Locky Morris, STOP LOOKIN’ AT PHOTOGRAPHS!
Even supposedly dematerialised digital images, if they are to be viewed by humans, are accessed through an object of some kind, be it a screen, a projector or a print. In Locky Morris’ recent show at The Naughton Gallery, each of the thirteen works arranged precisely along the length of the corridor-like space incorporated a photographic image of one sort or another. For Morris, the physicality of images is a given. He treats them as objects, as things on a par with the other residual traces of everyday to-ing and fro-ing that comprise his sculptural vocabulary. His work spins this personal idiom into terse conversational exchanges embedded with double-entendres, puns and linguistic sleights of hand. Each work radiates a deep sense of experienced time, employing a mode of embodied address which exceeds mere viewing. Narrative strands, drawn from anecdotes and implied by the properties of mundane matter, are braided into conceptual tethers and slingshots, three-dimensional catalysts for profound existential reflection.
On arriving at the gallery, I wove my way slowly between the works to the double doors at the end of the room and back again, passing through their lines of communication as they gathered there together, circulating, thinking, laughing out loud and remembering. Each radiated a powerful sense of the bodies that had brushed against its constituents before they had been bound into their current configuration. And yet, such was the sense of synthesis, of right-ness, that each also felt like it had been grown organically in the spot where it had been placed, like there was never any possibility it might have held a form other that the one it took at that precise moment of encounter.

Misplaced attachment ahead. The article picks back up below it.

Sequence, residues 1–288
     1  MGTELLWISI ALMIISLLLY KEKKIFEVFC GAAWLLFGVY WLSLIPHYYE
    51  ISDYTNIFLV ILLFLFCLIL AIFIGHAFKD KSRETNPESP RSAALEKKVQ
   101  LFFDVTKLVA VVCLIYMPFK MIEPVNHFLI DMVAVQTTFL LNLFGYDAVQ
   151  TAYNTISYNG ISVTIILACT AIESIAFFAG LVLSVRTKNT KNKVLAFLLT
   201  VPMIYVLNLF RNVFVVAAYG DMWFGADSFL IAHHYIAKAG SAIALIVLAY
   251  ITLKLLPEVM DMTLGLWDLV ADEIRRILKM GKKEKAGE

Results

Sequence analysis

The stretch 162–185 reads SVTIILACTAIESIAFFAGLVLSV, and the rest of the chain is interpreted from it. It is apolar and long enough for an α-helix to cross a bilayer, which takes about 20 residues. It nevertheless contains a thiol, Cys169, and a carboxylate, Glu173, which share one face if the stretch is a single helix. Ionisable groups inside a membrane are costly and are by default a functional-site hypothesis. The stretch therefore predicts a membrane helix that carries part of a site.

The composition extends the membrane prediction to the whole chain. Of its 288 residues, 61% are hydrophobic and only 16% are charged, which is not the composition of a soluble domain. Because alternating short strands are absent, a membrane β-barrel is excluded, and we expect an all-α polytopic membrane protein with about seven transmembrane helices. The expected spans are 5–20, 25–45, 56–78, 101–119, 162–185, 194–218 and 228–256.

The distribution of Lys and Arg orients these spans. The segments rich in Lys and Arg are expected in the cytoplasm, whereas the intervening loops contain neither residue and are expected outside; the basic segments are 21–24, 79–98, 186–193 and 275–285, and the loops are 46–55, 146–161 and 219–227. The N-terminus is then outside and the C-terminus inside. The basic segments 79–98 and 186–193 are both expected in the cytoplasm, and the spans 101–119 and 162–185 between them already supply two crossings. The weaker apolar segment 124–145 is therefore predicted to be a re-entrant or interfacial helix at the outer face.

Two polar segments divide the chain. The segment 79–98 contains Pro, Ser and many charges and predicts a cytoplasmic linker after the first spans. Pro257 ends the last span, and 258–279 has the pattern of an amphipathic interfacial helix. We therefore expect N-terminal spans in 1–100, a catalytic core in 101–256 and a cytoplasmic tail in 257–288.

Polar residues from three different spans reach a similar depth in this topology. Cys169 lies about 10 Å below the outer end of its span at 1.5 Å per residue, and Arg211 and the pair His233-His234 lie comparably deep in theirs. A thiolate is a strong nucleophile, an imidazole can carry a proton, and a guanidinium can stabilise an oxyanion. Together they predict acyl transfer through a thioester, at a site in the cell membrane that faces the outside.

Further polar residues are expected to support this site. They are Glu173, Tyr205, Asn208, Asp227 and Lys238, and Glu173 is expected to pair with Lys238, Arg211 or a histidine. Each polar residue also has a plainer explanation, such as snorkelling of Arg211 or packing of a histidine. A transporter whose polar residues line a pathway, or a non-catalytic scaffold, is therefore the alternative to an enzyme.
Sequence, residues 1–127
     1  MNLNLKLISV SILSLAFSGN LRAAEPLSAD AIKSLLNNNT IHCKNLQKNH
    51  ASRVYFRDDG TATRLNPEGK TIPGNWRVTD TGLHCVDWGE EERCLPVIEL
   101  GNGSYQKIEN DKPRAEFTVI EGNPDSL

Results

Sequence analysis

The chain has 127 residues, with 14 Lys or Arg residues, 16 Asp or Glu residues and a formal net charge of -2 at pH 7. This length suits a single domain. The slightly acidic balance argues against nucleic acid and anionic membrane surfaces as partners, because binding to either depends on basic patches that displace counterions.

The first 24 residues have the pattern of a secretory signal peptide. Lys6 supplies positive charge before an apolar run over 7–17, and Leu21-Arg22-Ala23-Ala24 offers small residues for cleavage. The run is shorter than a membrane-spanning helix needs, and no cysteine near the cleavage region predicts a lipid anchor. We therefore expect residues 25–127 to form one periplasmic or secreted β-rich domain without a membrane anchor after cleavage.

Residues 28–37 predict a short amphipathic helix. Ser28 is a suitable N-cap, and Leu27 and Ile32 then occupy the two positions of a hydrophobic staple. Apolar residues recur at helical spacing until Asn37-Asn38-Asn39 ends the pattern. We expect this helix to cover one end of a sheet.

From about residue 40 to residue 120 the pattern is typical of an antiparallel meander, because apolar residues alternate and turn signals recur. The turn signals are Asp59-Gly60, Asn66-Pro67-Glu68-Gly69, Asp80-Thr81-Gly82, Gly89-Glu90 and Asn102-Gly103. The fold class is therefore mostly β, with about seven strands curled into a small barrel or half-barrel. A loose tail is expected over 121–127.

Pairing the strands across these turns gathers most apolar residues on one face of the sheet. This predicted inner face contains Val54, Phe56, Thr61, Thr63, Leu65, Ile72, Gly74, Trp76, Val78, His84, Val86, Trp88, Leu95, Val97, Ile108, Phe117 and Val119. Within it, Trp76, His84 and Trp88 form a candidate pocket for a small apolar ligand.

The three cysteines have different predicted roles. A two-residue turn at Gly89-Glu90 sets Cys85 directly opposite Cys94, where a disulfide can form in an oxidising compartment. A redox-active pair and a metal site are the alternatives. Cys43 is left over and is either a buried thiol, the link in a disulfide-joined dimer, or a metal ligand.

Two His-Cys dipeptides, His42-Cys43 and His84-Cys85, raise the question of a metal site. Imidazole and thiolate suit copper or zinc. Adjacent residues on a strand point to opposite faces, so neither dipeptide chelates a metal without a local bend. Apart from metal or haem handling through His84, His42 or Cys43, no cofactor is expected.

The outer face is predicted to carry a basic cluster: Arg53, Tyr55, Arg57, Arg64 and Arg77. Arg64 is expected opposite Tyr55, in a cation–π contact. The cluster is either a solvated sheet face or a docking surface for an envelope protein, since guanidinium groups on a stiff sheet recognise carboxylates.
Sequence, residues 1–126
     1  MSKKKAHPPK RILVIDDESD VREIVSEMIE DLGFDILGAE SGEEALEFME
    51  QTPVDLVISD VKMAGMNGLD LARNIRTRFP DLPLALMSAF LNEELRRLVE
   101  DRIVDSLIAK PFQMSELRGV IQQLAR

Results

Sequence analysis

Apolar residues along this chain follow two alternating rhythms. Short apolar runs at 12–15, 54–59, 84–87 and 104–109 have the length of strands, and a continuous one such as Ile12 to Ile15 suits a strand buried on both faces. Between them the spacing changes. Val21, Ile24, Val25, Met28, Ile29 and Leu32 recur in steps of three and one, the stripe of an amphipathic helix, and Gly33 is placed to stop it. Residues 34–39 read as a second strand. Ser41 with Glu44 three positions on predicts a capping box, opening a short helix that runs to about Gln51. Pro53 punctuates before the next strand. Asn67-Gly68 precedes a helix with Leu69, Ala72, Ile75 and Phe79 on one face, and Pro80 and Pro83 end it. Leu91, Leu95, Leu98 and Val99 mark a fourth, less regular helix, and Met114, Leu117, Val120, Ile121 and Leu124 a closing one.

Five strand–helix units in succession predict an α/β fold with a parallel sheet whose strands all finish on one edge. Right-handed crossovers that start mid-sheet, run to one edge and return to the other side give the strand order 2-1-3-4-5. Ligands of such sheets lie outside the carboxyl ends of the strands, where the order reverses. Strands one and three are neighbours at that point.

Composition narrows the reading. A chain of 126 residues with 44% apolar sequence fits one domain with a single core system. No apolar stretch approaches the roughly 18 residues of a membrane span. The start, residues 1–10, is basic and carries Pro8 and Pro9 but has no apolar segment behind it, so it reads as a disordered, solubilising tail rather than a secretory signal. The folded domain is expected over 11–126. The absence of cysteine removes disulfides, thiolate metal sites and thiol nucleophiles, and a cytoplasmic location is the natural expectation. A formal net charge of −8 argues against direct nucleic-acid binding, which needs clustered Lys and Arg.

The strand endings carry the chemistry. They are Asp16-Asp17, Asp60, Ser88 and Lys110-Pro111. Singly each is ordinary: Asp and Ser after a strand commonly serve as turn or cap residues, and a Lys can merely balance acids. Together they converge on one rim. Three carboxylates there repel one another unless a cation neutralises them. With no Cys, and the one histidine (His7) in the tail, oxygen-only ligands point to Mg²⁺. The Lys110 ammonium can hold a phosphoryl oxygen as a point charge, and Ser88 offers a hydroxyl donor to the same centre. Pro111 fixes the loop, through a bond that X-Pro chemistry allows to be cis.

In The Last (2011), a snapshot-sized laser crystal photo frame and a similarly sized piece of dark grey foam are arranged on a small white wall-mounted shelf, slightly offset from each other. Both lean back against the wall at a slight angle. The frame is foregrounded and etched with a scene in which a group of people are gathered, the backs of their heads just visible beyond a suburban hedge. The ensemble hovers just beyond rational assimilation, like a haiku composed by David Lynch, dense and unheimlich.
Michaelangelo’s House (2013) featured a photo cube, tipped up on one corner and rotating, a form suggesting abundance and variety, an efficient way to seduce a potential customer. Morris places it under perspex on a plinth like a museum artefact and fills it with six identical photos of a building shrouded in scaffolding. This kind of deadpan humour was everywhere in the gallery, as was the work’s concern with techniques of display. In fact, the show acted like a lexicon in this regard with images hung, supported and propped in diverse framing arrangements, both domestic and professional.
Placed near the gallery entrance, Stop Lookin’ at Photographs (2016) flipped a glass-doored cabinet onto its back, repurposing it as a host for a cardboard box stuffed with photos. A screenshot of the SMS message which lends the work its title was placed in a thick transparent mount. It sat atop the glass like an ornament on a mantlepiece, the blown up display looking like a dumb phone apparition, a static stand-in bled of all its digital dynamism. This eye for the absurd is key to Morris’ alchemy. In his work, complexity, opacity and humour oscillate with their opposites, propagating in the process a sense of everyday troubles and joy; a sense of the way in which twenty-first century subjectivity is implicitly soldered into a proliferation of socio-political circuits at many degrees of magnification. With the ease of a knowing nod as it brushes past you on the street, Stop Lookin’ at Photographs felt like a collection of tales from a life lived in full consciousness of what living might mean.